Three Worlds of Relief examines the role of race and immigration in the development of the American social welfare system by comparing how blacks, Mexicans, and European immigrants were treated by welfare policies during the Progressive Era and the New Deal. Taking readers from the turn of the twentieth century to the dark days of the Depression, Cybelle Fox finds that, despite rampant nativism, European immigrants received generous access to social welfare programs. The communities in which they lived invested heavily in relief. Social workers protected them from snooping immigration agents, and ensured that noncitizenship and illegal status did not prevent them from receiving the assistance they needed. But that same helping hand was not extended to Mexicans and blacks. Fox reveals, for example, how blacks were relegated to racist and degrading public assistance programs, while Mexicans who asked for assistance were deported with the help of the very social workers they turned to for aid.
Drawing on a wealth of archival evidence, Fox paints a riveting portrait of how race, labor, and politics combined to create three starkly different worlds of relief. She debunks the myth that white America's immigrant ancestors pulled themselves up by their bootstraps, unlike immigrants and minorities today. Three Worlds of Relief challenges us to reconsider not only the historical record but also the implications of our past on contemporary debates about race, immigration, and the American welfare state.
Cybelle Fox is assistant professor of sociology at the University of California, Berkeley. She is the coauthor of Rampage: The Social Roots of School Shootings.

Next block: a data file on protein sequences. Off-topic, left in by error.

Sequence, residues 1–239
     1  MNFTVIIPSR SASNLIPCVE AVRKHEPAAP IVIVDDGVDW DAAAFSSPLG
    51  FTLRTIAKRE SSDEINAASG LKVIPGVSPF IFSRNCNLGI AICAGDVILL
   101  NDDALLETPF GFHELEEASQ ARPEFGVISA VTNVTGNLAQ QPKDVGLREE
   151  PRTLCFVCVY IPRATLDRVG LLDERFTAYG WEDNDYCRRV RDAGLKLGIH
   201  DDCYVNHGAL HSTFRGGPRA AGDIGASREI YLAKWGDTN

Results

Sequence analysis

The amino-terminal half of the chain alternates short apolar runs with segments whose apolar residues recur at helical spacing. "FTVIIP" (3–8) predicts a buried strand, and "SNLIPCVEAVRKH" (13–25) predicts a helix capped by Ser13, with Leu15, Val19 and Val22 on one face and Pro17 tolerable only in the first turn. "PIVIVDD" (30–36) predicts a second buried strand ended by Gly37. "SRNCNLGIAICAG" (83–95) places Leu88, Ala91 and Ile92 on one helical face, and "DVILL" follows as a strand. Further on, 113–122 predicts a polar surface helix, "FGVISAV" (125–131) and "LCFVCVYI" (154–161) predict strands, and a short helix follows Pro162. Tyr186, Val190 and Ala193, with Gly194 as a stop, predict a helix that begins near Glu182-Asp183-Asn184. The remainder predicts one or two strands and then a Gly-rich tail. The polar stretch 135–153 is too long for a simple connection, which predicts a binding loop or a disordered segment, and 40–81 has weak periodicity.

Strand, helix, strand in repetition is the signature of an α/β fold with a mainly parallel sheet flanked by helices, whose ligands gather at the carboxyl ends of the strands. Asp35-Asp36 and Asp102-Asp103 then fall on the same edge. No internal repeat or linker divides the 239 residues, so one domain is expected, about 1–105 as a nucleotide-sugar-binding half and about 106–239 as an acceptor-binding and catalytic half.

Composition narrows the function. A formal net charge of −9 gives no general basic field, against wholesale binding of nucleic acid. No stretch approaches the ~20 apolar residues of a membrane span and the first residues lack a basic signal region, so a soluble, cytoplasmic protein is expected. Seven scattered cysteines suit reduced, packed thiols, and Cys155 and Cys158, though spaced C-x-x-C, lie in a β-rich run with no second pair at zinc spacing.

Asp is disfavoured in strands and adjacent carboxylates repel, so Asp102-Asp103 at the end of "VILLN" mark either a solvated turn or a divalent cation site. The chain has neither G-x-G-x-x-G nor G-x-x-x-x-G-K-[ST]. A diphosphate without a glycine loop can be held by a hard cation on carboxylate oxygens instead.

"Thoroughly researched and well written, the book enhances the literature on immigration and ethnicity."--Choice
"Three Worlds of Relief covers new territory in social welfare history and will interest academics and students in the field. Of particular importance to the social work profession is the author's attention to the role that social workers played in advocating both for progressive legislation and practice, except in the West and Southwest."--Marguerite G. Rosenthal, Journal of Sociology & Social Welfare
"Three Worlds of Relief reminds us that welfare policies must be measured by their implementation and effects as well as their intent. State and local authorities have the power to accentuate or to mute ethnic and racial biases in ways that undermine or enhance the mission of dispensing benefits impartially. Students, scholars, and practitioners concerned with the problem of inequality in the welfare state will find this book illuminating."--Lara Vapnek, Journal of Children and Poverty
"Fox's scholarship provides a detailed and rich portrait of how racism and race-based nativism, in conjunction with political and economic interests, shaped the design and implementation of U.S. welfare policies. . . . [T]his book is necessary reading for advanced scholars of U.S. social policy, welfare, poverty, and race and immigration and is highly recommended for graduate courses on these topics as well as historical and comparative methods."--Ellen Reese and Michael Walker, American Journal of Sociology
Table of Contents:
Chapter 1: Race, Immigration, and the American Welfare State 1
Chapter 2: Three Worlds of Race, Labor, and Politics 19
Chapter 3: Three Worlds of Relief 52
Chapter 4: The Mexican Dependency Problem 73
Chapter 5: No Beggar Spirit 95
Chapter 6: Deporting the Unwelcome Visitors 124
Chapter 7: Repatriating the Unassimilable Aliens 156
Chapter 8: A Fair Deal or a Raw Deal? 188
Chapter 9: The WPA and the (Short-Lived) Triumph of Nativism 214
Chapter 10: A New Deal for the Alien 250
Chapter 11: The Boundaries of Social Citizenship 281
Abbreviations in the Notes 295